Health officials have hit back at claims they are adopting a ‘mix and match’ approach to coronavirus vaccinations.
Head of Immunisations at Public Health England Dr Mary Ramsay said if people have had the Pfizer jab first they should not then receive the AstraZeneca shot.
Deputy chairman of the Joint Committee on Vaccination and Immunisation (JCVI), Professor Anthony Harnden confirmed advice remains to have the same vaccine.
It comes after Britain’s guidance for the rollout was updated to say a ‘mix and match’ approach to administration is ‘reasonable’ in specific scenarios.
But in a statement to MailOnline, Dr Ramsay shot down the reports, saying: ‘We do not recommend mixing the Covid-19 vaccines’.
She added: ‘If your first dose is the Pfizer vaccine you should not be given the AstraZeneca vaccine for your second dose and vice versa.
‘There may be extremely rare occasions where the same vaccine is not available, or where it is not known what vaccine the patient received.
‘Every effort should be made to give them the same vaccine, but where this is not possible it is better to give a second dose of another vaccine than not at all.’
Scientists have warned against a ‘Mix and Match’ approach that has been called ‘reasonable’ in PHE guidance – that could see an interchangeable approach to vaccine administration in some instances when an individual returns for a second dosage
Two vaccines have been given the emergency green-light in the UK – one developed by Pfizer and the other by AstraZeneca and Oxford University.
Both are shown to be more effective at protecting a person against Covid-19 when administered through a two dose programme.
Updated guidance, reported in the New York Times, says it is ‘reasonable’ to have a different type of vaccine for a person’s second dose if the other is unavailable.
Guidance from Public Health England now reads: ‘Individuals who started the schedule and who attend for vaccination at a site where the same vaccine is not available, or if the first product received is unknown, it is reasonable to offer one dose of the locally available product to complete the schedule.’
Deputy chairman of the Joint Committee on Vaccination and Immunisation (JCVI), Professor Anthony Harnden
But scientists and experts have shot down the guidance that contradicts information from other countries’ health bodies – including the US Centre of Disease Control.
Professor Harnden told the Today programme this morning: ‘Our current advice is to use the same vaccine for both doses.
‘However we have studies ongoing to look at mixing vaccines and when we see the data for those and are secure about the data, then we may be recommending mixed vaccines.’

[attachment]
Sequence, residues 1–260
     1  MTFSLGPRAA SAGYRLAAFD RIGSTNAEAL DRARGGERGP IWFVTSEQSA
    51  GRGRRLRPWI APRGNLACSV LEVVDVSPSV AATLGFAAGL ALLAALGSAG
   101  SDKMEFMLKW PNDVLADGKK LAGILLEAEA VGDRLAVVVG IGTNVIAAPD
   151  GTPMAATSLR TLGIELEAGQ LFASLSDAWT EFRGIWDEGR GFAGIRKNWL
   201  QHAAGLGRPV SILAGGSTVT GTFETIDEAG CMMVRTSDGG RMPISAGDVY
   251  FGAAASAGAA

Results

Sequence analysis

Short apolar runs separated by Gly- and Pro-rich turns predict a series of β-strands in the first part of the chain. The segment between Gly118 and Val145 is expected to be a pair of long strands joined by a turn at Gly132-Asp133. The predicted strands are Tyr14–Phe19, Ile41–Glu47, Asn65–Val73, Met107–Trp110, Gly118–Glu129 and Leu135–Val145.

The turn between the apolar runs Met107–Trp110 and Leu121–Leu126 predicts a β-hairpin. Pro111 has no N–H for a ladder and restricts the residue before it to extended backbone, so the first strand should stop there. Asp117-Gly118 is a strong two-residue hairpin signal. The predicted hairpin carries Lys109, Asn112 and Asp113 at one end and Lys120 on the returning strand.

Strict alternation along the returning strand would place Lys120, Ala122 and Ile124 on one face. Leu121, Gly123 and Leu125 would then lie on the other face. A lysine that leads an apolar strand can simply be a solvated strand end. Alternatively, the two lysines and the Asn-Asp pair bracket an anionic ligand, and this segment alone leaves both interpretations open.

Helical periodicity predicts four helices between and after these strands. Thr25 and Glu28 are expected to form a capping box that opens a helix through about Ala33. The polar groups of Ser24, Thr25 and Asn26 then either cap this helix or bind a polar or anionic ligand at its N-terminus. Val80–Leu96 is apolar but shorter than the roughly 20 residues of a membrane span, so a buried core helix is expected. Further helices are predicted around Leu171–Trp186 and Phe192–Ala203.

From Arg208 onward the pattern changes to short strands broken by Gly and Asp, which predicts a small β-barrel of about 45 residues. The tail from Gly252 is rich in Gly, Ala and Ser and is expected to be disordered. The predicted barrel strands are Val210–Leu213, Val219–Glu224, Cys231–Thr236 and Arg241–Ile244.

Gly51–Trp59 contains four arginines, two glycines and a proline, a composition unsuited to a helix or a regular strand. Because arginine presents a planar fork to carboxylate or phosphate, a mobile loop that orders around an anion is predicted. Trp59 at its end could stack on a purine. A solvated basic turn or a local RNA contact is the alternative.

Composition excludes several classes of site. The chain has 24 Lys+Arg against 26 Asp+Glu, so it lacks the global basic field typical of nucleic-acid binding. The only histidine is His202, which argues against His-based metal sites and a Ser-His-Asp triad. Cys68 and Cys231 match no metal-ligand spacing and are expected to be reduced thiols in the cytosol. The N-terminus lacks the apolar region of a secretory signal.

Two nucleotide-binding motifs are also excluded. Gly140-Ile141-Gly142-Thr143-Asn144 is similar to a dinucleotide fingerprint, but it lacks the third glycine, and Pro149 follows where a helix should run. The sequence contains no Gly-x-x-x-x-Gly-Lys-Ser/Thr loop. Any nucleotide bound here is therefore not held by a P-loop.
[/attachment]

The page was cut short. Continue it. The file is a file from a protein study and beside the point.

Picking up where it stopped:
CDC guidance says: ‘These mRNA COVID-19 vaccines are not interchangeable with each other or with other COVID-19 vaccine products.
‘The safety and efficacy of a mixed-product series have not been evaluated. Both doses of the series should be completed with the same product.’
John Moore, a vaccine expert at Cornell University, told the New York Times there is ‘no data on this idea whatsoever’.
He added officials in Britain ‘seem to have abandoned science completely now and are just trying to guess their way out of a mess’.
When asked to comment, officials at PHE reportedly pointed to similarities between the two approved vaccines, adding clinical trials into the idea would come this year.
Pictured: Margaret Keenan – the first person to receive the Pfizer coronavirus vaccine – returned to hospital this week to receive her second round of the Covid-19 vaccine
Vaccine firms have rejected the Government’s warnings of jab supply gaps lasting months, claiming there will be enough doses to hit the Government’s ambitions targets (file image)
Professor Harnden also defended Government plans to delay the second dose of the Pfizer vaccine from three weeks to 12 weeks after the first jab, saying a longer wait can protect patients more effectively.
He said patients he had dealt with accepted the move, stating: ‘When it was explained to them that the vaccine offers 90 per cent protection for one dose, and the priority was to get as many people vaccinated in the elderly and vulnerable community as possible, they understood.
‘I think the country is all in this together. And, I think we really, really want to pull together to try and do the best strategy possible.’
He went on to explain that it a delayed second dose has been shown to be better at protecting patients: ‘It’s clear from looking at the data that from the Pfizer vaccine after one dose after 14 days is 90 per cent,’ he said.
‘If you actually look at the Oxford vaccine data it looks like the protecting is better the longer the second dose is delayed.’
Chairman of the Royal Institution and Imperial College Healthcare Sir Richard Sykes, also speaking to the Today programme, said he had ‘no problem’ with the new strategy of having patients wait longer for the second dose.
‘It’s all in their diaries and I think the decision to give two dose, one then another 12 weeks apart, is absolutely fine. I have no problem with that strategy.
‘I just think it’s a bit strange to make it retrospective when you’ve got all the system in place to deliver those vaccines when those people were told quite categorically ”you have to come back here in 21 days time to receive your second injection”.
‘So I can understand why there’s some anguish here. It’s not good.’